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NEWS-SENTINEL EDITORIAL: Legislature sidetracks bill on accommodations for pregnant employees for further study

What should we think about the Indiana Legislature’s move Monday that stalled a proposal to require Indiana businesses to provide greater protections against discrimination for pregnant or breastfeeding employees?

Senate Bill 342, sponsored by Republican Sen. Ron Alting of Lafayette, would require more Indiana businesses to accommodate pregnant women with longer breaks, less physical work and unpaid time off after childbirth.

The Republican-dominated Indiana Senate voted 34-15 Monday to delete the accommodations requirement from the bill, according to an Associated Press report, and to send the issue to a special committee to be studied following this year’s legislative session.

The Senate Family and Children Services Committee voted 7-2 a week earlier to endorse the bill, even though some business groups, including the Indiana Chamber of Commerce and the Indiana Manufacturers Association, argued it wasn’t necessary and could lead to greater burdens on small businesses.

State Health Commissioner Kristina Box told the committee that such job modifications as allowing pregnant women to sit while working or limiting how much weight they lift can help improve Indiana’s infant mortality rate, which is seventh-worst in the country.

The proposal was supported by Republican Gov. Eric Holcomb, who urged legislators in his State of the State speech last month to have Indiana join 27 other states that already have similar laws.

But Fort Wayne Republican Sen. Liz Brown told AP Monday she thinks legislators should have a better understanding of what is actually causing deaths among infants and mothers before making a law partially based on the idea that it will reduce infant mortality.

She also asked whether lawmakers need to know whether the law should specify what specific steps businesses need to take to accommodate their pregnant workers. She said many companies already provide such accommodations.

“I would rather have that conversation with my employer than have the big government come in and prescribe what accommodations have to be made and then that’s it,” Brown told AP.

Alting was joined by a bi-partisan group of 12 other senators in pushing the bill, which says an employer of a business with 15 employees or more would be prohibited from discriminating against a pregnant employee and would have to provide them with reasonable employment accommodations.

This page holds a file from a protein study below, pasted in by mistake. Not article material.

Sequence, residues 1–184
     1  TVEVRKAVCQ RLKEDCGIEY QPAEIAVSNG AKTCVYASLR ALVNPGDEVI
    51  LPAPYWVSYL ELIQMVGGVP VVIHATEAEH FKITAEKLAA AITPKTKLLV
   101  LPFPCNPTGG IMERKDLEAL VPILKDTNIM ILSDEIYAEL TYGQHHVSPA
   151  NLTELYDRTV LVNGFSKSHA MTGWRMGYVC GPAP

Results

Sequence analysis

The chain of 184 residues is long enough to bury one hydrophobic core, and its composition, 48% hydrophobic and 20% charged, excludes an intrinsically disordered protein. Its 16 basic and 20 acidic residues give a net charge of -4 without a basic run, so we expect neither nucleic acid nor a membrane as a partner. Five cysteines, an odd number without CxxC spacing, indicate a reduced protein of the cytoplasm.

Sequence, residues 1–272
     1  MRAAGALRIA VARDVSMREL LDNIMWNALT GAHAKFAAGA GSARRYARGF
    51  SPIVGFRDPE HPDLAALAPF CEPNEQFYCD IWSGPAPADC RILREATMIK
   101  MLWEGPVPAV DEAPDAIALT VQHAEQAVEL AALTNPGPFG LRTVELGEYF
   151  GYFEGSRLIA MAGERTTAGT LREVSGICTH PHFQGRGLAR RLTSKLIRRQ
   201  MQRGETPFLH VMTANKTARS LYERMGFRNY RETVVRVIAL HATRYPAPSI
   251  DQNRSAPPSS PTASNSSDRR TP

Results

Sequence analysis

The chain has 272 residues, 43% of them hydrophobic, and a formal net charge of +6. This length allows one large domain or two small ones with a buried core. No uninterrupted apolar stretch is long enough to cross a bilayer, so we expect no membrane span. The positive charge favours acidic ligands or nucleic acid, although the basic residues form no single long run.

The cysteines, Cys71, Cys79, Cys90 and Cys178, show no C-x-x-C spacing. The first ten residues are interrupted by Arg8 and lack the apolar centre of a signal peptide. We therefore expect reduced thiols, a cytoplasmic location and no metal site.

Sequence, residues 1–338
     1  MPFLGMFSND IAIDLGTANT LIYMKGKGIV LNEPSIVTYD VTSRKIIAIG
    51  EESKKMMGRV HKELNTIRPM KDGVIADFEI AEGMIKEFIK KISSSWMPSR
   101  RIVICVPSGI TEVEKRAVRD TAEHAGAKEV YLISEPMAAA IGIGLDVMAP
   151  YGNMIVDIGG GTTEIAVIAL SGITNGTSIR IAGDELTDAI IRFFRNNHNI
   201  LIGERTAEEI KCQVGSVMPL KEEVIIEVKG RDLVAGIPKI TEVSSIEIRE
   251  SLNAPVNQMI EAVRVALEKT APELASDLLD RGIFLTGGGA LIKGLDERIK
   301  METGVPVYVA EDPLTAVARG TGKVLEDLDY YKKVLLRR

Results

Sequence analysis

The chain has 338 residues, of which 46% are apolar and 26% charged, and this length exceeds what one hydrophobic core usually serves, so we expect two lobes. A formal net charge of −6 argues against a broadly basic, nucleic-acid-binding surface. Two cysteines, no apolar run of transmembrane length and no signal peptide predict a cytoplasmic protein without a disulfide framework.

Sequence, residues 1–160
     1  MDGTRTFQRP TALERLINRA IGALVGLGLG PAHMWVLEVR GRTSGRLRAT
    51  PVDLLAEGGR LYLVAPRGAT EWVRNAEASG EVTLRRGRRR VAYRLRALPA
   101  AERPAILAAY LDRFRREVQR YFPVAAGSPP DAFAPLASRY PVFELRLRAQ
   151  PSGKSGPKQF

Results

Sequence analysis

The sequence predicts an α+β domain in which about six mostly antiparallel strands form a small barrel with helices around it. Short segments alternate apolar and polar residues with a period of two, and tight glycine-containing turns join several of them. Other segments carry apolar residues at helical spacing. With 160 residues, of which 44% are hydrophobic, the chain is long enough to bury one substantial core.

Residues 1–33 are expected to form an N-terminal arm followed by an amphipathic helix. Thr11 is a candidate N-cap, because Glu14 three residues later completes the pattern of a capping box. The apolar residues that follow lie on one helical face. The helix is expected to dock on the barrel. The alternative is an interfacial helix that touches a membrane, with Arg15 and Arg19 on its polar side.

The only exception would be if the accommodation to the pregnant employee would place “undue hardship” on the business. According to the Indiana Civil Rights Commission, which would be responsible for resolving disputes, that hardship would be defined as an “action requiring significant difficulty or expense” to the operation of the business in terms of financial resources involved, number of people employed and the effect on the operation’s expenses and resources.

The bill lists the accommodations to include more and/or longer breaks, unpaid time off work to recover from childbirth, acquisition or modification of equipment, seating, temporary transfer to a less strenuous or less hazardous position, job restructuring, light duty, work break time for expressing breast milk, private non-bathroom space for expressing breast milk, assistance with physical or manual labor, modified work schedules and an accommodation prescribed by a health provider.

The Indiana Chamber of Commerce and Indiana Manufacturers Association say the accommodations requirement lacks any legal protections for businesses.

Mike Ripley, vice president of health care policy and employment law for the Indiana Chamber, told the Indianapolis Star the proposal would be particularly onerous for smaller companies and would put the onus on employers to prove that making accommodations would be an undue burden.

“Because the burden was shifted entirely to the employers under the bill, there is real fear of a lot more litigation,” Andrew Berger, senior vice president of the manufacturers group, told AP. “If there’s not an inherent need, an absolute need for the government to be involved … you should not add another layer into this system,” he said.

Alting said Monday he feared an overhaul of the bill could mean a delay of at least 18 months in putting a new law in place.

Our view is that workplace accommodations for pregnant workers is important to the health of mothers and their babies in Indiana. But we also share Sen. Brown’s fear of the possibility of undue and unwise measures dictated to businesses by government. Perhaps it is best to study the measure in more detail before making it state law.

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